PORTSMOUTH, Va. (WAVY) — If you think getting a doctor appointment is difficult now — just wait.
The Defense Department is currently planning to eliminate about 18,000 uniformed medical personnel, about 20% of staff, beginning in October.
The positions include doctors, dentists, nurses, technicians, medics and support personnel.
What the DOD is not saying is who will replace them or what military families will do.
The cuts are part of the 2020 fiscal budget which would start in October. So what does that mean for Portsmouth Naval Medical Center, Langley Hospital and clinics like Boone?
The Military Officers Association of America is concerned.
Retired U.S. Navy Capt. Kathryn M. Beasley, director of Government & Health Affairs for MOAA said, “That’s one of the main things we are concerned about is access to care, timely access to care for, in this case, military families who certainly in those heavily concentrated active duty areas. There may not be the civilian network capacity to take care of all of them.”
“There may not be the civilian network capacity to take care of all of them,” she said.
And what about the civilians who may already find it difficult to get an appointment?
The DOD’s goal in eliminating medical positions is to streamline the military health system. Their mission is war fighting, and this is an effort to provide more effective and efficient care, on battlefields and through military treatment facilities.
What they are not saying is how will it affect troops, families and retirees.
10 On Your Side reached out to the DOD and have heard nothing. As far as Naval Medical Center Portsmouth and Boone clinic are concerned, a spokesman for the U.S. Navy Bureau of Medicine and Surgery said they have “no specific finalized information they can share at this time.”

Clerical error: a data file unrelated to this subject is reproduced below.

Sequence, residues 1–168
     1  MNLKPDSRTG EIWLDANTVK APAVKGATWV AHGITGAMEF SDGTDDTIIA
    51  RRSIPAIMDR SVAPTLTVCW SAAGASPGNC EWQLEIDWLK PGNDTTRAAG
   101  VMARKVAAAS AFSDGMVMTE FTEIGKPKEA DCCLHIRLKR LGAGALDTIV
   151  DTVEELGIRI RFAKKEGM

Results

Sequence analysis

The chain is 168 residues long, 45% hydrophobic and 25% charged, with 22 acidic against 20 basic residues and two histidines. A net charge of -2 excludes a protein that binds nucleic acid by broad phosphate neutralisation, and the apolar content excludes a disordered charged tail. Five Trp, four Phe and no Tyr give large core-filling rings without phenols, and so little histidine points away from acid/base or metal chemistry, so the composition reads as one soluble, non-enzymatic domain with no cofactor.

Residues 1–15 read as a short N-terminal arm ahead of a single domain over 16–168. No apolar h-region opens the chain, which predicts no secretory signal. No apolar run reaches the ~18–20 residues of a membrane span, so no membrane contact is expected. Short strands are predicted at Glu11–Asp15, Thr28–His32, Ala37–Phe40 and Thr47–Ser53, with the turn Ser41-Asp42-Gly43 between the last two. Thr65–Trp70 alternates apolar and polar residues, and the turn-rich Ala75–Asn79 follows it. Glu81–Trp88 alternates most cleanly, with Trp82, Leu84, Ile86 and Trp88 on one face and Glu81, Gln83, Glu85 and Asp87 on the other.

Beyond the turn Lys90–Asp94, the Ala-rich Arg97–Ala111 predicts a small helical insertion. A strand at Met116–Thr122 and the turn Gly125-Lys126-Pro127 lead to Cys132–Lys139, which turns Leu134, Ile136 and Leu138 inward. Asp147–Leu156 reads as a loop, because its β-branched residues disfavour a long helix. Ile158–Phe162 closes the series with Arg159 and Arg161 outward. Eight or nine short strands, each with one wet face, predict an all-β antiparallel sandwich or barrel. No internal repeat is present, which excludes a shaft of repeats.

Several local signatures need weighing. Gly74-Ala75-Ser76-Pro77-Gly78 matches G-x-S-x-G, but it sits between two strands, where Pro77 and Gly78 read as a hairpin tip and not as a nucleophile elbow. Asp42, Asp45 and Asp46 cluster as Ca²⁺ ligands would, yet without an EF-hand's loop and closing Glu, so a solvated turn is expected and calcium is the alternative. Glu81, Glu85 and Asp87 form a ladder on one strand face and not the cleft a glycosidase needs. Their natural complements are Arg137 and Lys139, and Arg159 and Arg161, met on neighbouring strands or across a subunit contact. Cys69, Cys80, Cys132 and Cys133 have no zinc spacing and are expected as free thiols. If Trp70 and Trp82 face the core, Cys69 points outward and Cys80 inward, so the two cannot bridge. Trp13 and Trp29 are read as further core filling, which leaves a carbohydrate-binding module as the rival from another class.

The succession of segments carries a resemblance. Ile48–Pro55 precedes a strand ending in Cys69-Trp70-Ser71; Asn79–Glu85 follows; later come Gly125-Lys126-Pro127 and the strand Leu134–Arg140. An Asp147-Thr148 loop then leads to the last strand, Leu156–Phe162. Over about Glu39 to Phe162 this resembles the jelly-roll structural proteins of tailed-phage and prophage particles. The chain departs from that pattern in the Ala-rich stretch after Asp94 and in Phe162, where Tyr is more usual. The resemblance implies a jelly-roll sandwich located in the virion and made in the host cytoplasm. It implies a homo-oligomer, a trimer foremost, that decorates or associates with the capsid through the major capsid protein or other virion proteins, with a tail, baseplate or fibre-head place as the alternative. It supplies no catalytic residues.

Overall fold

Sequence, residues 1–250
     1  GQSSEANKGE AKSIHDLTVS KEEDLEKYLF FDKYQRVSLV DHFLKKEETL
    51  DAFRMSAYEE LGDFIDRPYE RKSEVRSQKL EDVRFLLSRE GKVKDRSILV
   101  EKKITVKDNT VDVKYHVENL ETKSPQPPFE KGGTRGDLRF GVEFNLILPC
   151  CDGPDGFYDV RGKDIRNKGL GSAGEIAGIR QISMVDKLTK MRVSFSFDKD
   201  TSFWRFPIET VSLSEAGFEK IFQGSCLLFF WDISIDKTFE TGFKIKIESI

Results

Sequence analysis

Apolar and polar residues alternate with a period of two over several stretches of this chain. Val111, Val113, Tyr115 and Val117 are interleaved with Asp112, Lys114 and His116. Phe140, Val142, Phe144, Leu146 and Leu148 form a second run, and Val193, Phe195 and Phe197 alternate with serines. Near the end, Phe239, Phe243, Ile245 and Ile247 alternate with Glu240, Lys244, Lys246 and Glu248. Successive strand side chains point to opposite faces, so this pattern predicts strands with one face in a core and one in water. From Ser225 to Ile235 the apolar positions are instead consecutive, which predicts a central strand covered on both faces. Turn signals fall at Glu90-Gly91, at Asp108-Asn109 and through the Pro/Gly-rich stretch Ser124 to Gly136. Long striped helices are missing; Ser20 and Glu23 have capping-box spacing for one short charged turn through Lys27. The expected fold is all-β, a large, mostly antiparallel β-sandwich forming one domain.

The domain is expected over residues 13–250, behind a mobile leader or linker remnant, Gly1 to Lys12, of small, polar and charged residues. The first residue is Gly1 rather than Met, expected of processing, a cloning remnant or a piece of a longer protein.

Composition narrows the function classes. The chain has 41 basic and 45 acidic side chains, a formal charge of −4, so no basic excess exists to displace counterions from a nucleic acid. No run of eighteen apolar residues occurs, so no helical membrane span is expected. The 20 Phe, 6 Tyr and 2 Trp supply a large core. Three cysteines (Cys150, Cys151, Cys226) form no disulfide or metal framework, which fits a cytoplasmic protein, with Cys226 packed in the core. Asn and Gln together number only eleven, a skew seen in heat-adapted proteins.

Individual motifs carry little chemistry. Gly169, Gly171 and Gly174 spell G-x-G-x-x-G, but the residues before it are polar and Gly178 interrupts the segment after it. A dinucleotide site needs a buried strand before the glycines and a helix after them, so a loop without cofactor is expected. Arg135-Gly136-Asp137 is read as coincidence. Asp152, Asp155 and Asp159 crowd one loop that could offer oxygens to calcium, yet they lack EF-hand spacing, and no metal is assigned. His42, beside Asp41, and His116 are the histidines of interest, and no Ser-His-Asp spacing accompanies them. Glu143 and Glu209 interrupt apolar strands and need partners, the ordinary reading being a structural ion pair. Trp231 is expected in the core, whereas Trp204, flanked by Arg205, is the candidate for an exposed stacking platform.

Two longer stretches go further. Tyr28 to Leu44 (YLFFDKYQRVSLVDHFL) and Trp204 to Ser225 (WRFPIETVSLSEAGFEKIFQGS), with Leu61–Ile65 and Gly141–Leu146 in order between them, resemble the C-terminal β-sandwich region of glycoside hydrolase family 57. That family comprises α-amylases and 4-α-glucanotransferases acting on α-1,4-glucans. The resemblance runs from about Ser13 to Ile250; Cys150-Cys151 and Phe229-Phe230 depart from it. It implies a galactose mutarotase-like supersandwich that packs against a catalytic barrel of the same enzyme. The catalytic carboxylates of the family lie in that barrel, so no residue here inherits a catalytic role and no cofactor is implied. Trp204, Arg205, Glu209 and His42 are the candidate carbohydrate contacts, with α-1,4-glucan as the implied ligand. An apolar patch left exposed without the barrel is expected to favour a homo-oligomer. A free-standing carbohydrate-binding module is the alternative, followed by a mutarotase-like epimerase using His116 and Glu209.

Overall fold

But think about what you need for military readiness and what you don’t.
Cpt. Beasley told WAVY.com, “We can estimate that the specialties of pediatrics and obstetrics, we have been told will be specialties that will be reduced probably the most.”
In fact, Congresswoman Elaine Luria’s office told 10 On Your Side that when Langley Air Force Hospital announced they would stop accepting new OB/GYN patients this spring in anticipation of closing their maternity ward, Luria challenged the Air Force leadership and the Air Force decided to keep the maternity ward open.
But for how long?
“I am concerned about the Department of Defense’s lack of transparency and consultation with Congress on their proposed cuts to thousands of uniformed medical position,” said Senator Mark Warner. “That is why I am currently requesting more information from the Department of Defense
and the services on their proposal and how they will ensure that it does not negatively impact health care quality or access for our service members
and their families.”
Senator Tim Kaine responded, “I am closely monitoring the proposed changes to military medicine to see if they would adversely impact military
families’ care. I will be working closely with the Department of Defense and Senate Armed Services Committee to ensure that military families get the care they need. Service members and their loved ones make great sacrifices for our nation and they deserve our full support.”
MOAA agrees, and is concerned that if families are not taken care of at home, worried service members won’t be fully focused on their missions.
The House Armed Services Committee recently voted for a measure to tell the DOD to make no cuts or other changes to medical personnel until they study the impact.
The full House is expected to vote Friday, and then the Senate must take up the issue and vote.
In the meantime, MOAA encourages people to reach out to their members of Congress.